He pointed to a rule change enacted just in August that exempts foreign stock issuers’ arbitrary flexibility in complying with diversity disclosures.
“Even if the PRC does not exempt China-based issuers from the rule, the rule provides the further flexibility that foreign issuers, including China-based issuers, can meet board diversity requirements by adding an additional female director or other individual instead of an underrepresented minority, while U.S. issuers must add both,” he said. “The Commission approved these exceptions for foreign and China-based issuers despite the fact that the exchange’s stated basis for its rule — to correct the ‘historical marginalization’ of underrepresented minorities — applies strongly to China under the control of the [Chinese Communist Party].”
Rubio itemizes numerous human rights concerns with China and problems with supply chain sustainability and resiliency issues.
Fentanyl use in Florida is rising, and Scott said Biden’s border policies are to blame. The Naples Republican said an influx in illegal activity at the southern border continues to put “Florida families in harm’s way.” Following a decision by the Department of Homeland Security to terminate the Remain in Mexico policy while an injunction works its way through appeals, Scott blasted the decision and demanded a return to the enforcement policies of President Donald Trump.
“This isn’t just an issue in Arizona and Texas. Every state is a border state. I have been hearing from sheriffs across Florida about how this crisis is hurting our families,” the Senator said. “According to U.S. Customs and Border Protection data, there has been over double the amount of fentanyl smuggled across our border compared to all of last year — killing thousands of Americans — and the year isn’t even over. Law enforcement in Florida is seeing more and more dangerous drugs in our communities, hurting families because of the savage cartels having free reign at the border. Joe Biden and Kamala Harris have taken one failed step after another to dismantle the proven border and national security policy we have set in place to protect this country. It must stop now. It’s time for Biden to ditch his failed policies of open borders and amnesty and secure the border now.”
The various political relationships of Matt Gaetz made headlines this week.
Perhaps most notably, in an interview with WEAR, Gaetz addressed his friendship with former Seminole County Tax Collector Joel Greenberg, who has since pleaded guilty to sex trafficking.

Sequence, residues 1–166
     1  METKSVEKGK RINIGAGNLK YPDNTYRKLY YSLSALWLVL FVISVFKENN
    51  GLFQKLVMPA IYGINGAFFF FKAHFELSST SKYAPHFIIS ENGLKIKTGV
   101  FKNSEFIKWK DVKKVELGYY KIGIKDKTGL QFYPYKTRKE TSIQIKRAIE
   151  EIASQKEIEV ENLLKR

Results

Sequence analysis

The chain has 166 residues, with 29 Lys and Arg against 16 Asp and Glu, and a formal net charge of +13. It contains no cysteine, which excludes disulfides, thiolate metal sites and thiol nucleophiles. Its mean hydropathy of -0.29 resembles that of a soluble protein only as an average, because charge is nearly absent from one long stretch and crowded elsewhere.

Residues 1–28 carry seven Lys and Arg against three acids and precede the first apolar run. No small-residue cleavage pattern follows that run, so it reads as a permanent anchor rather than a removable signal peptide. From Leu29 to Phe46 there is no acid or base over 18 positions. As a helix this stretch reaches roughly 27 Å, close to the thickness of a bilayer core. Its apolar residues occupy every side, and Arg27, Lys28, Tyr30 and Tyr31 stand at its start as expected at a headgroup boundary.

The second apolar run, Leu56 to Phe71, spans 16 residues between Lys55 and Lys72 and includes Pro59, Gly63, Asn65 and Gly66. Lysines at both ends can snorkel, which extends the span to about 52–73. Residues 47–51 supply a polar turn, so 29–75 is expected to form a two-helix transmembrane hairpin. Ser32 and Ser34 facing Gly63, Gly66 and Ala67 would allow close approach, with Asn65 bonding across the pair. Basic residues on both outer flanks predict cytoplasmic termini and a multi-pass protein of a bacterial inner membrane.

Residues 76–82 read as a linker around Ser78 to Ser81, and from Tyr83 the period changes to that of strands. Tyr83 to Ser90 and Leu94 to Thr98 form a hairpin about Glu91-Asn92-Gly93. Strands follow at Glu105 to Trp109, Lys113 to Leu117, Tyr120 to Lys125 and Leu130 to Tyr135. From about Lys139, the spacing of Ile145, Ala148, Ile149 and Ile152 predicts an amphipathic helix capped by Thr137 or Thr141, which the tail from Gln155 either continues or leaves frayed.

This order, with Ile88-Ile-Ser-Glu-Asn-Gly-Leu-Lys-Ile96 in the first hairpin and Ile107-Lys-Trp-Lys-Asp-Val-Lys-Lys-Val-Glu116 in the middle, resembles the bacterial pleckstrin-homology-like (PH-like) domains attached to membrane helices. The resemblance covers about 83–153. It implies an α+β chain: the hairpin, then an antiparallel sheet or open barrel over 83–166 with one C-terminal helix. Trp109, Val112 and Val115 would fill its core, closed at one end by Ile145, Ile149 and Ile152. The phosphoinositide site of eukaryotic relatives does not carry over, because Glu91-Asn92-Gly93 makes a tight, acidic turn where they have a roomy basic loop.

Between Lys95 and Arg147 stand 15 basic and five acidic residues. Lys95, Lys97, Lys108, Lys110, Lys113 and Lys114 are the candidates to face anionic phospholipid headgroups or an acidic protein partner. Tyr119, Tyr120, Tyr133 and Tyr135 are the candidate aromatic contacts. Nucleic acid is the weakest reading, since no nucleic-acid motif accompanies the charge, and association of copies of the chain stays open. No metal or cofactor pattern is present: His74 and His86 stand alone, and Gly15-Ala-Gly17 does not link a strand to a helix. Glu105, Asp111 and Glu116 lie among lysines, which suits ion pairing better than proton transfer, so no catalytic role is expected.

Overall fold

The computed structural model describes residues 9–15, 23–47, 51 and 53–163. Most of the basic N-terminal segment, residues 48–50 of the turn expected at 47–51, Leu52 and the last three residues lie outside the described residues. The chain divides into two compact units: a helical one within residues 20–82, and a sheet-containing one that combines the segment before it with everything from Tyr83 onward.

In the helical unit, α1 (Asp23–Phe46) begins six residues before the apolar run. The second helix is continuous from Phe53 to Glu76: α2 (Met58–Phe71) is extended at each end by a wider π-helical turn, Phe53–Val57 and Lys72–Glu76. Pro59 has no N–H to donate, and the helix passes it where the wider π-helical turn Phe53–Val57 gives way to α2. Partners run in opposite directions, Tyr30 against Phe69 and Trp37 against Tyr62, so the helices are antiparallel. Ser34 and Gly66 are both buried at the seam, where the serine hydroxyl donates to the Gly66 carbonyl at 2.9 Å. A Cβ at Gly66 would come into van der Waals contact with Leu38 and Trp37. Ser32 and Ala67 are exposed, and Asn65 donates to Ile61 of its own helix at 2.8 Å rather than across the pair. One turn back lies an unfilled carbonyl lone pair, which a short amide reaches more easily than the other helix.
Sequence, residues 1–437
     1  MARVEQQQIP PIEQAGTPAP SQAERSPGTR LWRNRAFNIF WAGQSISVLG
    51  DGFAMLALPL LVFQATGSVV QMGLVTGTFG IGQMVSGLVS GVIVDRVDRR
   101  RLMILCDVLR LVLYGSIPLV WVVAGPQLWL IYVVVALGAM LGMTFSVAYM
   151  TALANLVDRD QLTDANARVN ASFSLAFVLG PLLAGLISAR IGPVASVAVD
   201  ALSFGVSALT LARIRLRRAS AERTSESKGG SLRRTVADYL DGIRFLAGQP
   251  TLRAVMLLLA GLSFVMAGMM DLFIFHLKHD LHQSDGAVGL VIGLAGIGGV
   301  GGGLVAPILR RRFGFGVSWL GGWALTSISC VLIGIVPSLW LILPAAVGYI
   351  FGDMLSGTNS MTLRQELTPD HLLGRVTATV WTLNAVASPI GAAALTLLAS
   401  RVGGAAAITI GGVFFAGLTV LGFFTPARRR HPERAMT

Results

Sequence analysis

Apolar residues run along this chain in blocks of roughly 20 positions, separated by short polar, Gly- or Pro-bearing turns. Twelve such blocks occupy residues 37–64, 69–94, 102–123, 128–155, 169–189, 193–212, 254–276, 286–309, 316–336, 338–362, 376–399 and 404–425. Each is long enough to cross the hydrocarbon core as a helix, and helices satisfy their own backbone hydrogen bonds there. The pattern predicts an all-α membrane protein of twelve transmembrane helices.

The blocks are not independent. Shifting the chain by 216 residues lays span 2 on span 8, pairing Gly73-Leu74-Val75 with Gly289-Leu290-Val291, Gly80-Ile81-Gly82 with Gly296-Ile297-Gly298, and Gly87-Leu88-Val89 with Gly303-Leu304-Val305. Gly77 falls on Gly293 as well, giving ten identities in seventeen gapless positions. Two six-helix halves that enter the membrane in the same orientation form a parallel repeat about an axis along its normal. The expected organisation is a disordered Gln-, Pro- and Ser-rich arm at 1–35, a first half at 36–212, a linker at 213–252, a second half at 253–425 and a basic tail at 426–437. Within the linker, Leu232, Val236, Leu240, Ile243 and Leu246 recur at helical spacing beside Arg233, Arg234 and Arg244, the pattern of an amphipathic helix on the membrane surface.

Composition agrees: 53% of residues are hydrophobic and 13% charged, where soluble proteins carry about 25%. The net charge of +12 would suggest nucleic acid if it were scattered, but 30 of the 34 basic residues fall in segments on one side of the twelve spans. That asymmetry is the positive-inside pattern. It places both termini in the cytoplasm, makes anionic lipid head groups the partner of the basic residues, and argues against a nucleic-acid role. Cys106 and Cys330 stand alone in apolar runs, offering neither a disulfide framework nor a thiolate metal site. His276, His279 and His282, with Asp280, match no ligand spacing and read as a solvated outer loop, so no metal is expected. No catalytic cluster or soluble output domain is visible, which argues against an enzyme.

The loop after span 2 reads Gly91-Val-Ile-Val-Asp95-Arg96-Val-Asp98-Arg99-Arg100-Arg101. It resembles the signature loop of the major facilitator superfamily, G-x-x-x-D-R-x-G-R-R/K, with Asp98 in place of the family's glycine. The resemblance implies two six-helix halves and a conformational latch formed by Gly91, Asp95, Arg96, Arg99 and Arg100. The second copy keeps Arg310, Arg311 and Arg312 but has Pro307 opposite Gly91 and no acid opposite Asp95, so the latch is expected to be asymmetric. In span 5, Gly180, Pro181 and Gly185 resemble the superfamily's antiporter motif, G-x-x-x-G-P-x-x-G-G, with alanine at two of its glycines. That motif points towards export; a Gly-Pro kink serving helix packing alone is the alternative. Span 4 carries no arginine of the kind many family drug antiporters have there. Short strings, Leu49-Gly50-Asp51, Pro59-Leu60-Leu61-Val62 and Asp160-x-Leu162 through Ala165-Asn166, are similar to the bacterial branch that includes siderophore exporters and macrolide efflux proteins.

Greenberg asks for sentencing to be delayed until March as he cooperates with other investigations, potentially targeting Gaetz.
“I deeply regretted my friendship with him when I noticed some of Greenberg’s wrongdoing,” the Congressman said. “I believe it’s fair for people in northwestern Florida to judge me based on the associations I had. I have a political, social, and other way of dealing with Joel Greenberg. I deeply regret it.” But he also has denied being part of any crime, despite accusations he trafficked a minor across state lines for sex.
His support for Trump also earned attention this week thanks to the release of former White House Communications Director Stephanie Grisham’s memoir “I’ll Take Your Questions Now.”
Grisham described the Fort Walton Beach Republican as a reliable pick-me-up to the former President.
According to Business Insider, she wrote: “He would do anything for Trump and a TV hit — though not necessarily in that order. When the President needed someone to tell him how awesome he was, the staff would get Gaetz on the line, and he’d sing for his supper.”
Online shopping brings convenience and often savings. But it’s hard to return a bum product at the customer service counter, especially since consumers often don’t realize when the bogus products come from a different store. Palm Harbor Republican Gus Bilirakis just filed legislation hoping to change things.
The Congressman joined with Consumers Protection and Commerce Subcommittee Chair Jan Schakowsky, an Illinois Democrat, on the bipartisan Integrity, Notification, and Fairness in Online Retail Marketplaces for Consumers (INFORM Consumers) Act. It would require shopping platforms that allow third-party sellers to identify those moving high product volumes, including vendors who made 200 or more discrete sales in a year and tallied $5,000 in business in that time, using tax and government IDs. The legislation safeguards sharing consumer data with outside companies and will help identify those selling fraudulent products and committing retail crimes.
“This pro-consumer legislation enacts uniform, nationwide rules to promote safety, increase transparency, and provide greater accountability for online sales. It will provide a layer of enhanced protections for consumers from stolen and counterfeit goods without adding undue burdens on small mom-and-pop businesses,” Bilirakis said. “This bill is a win-win for consumers and legitimate businesses in the online marketplace.”
Several consumer and small business organizations already back the bill, including Consumer Reports, Buy Safe America Coalition, and the Coalition to Protect America’s Small Sellers.